Where a husband, as agent for his wife, filed a tax list of her property, and it was offered to contradict the plaintiff's testimony as to its value, we said: "The evidence offered did not tend to contradict the plaintiff. The husband was not her agent to put a valuation upon the property, but simply to give a list of the property. He was required to make oath to the list but not to the valuation." Martin v. New York N.E. R. Co., 62 Conn. 331, 343, 344, 25 A. 239. The "owner's valuation" is not required in the oath prescribed by law. General Statutes, §§ 1137, 1138.
While the lists were offered in the present case solely to show admissions, the same principles apply as in the case cited. The importance of this ruling is shown by the statement made by the trial court in the memorandum of decision: "There is, however, a wide difference of opinion between plaintiff's and defendant's experts as to value. The testimony of the defendant's experts in this respect seems to be strengthened by the estimates of the plaintiff itself as evidenced by its statements in its tax lists. . . . The rule is well established that for injuries of this character the measure of damages is the diminution in value of the premises caused by the fire. . . . It appears . . . that while the plaintiff now claims its land to have been worth in the neighborhood of $80 an acre, it has through its agent sworn to a value of $10 an acre in its tax list."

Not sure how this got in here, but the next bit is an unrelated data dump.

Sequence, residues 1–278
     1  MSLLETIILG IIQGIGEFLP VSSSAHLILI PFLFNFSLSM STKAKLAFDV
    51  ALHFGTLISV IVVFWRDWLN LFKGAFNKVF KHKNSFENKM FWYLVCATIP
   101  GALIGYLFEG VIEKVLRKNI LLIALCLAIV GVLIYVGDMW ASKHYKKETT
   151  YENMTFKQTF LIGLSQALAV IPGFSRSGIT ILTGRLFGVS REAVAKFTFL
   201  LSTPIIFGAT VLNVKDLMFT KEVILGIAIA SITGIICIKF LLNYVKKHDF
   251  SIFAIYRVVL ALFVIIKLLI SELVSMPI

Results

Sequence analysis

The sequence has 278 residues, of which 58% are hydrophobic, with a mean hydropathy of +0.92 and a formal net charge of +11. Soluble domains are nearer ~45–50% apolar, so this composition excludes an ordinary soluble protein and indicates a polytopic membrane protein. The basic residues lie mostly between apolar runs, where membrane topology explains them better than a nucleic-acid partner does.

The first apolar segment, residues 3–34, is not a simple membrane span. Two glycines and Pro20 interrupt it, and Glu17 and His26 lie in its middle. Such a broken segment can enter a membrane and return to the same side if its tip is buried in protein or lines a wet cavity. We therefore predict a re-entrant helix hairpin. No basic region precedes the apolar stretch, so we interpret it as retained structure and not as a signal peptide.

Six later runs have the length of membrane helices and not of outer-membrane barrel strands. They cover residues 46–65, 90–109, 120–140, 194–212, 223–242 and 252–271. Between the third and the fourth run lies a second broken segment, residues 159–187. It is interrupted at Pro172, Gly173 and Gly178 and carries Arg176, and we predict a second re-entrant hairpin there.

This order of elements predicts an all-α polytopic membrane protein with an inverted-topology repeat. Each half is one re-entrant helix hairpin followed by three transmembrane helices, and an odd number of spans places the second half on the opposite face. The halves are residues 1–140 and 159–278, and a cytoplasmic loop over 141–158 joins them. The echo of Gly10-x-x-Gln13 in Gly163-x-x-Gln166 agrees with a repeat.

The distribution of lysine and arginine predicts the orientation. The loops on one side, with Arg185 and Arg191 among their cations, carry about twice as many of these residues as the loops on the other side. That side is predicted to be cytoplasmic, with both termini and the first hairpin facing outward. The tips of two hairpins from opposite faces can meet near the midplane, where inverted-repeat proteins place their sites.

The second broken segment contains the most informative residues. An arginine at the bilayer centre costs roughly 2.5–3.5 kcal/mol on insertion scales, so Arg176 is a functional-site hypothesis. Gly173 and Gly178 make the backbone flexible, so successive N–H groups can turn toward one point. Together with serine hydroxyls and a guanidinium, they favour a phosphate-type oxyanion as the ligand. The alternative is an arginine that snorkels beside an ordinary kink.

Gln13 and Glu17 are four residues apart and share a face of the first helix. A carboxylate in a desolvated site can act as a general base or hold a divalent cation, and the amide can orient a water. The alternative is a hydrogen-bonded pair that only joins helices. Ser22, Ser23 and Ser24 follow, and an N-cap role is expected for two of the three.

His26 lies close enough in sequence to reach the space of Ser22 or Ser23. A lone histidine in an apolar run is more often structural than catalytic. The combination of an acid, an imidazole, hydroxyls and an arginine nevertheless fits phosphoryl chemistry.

It is obvious that the trial court gave much weight to this evidence in reaching its conclusion as to the extent of the damages, and it appears from the record and from the briefs of both counsel, that the amount of the damages is a crucial point of this appeal, taken by the prevailing party.
The treatment of these lists as admissions by the plaintiff corporation that the property injured was of small value, and the weight attached to it by the trial court, could not have had other than a seriously prejudicial effect upon the rights of the plaintiff, and their admission was reversible error. Since there must be a new trial, we do not deem it necessary to review many of the questions raised by the appeal and ably and fully discussed in brief and argument on both sides. There is, however, one question of supreme importance, relating to the damages, which sharply differentiates the contentions of counsel at all points, and directly or indirectly enters into many of the reasons of appeal. We refer to the measure of damages; and since this question will necessarily arise upon further hearing of the case, we shall here consider it.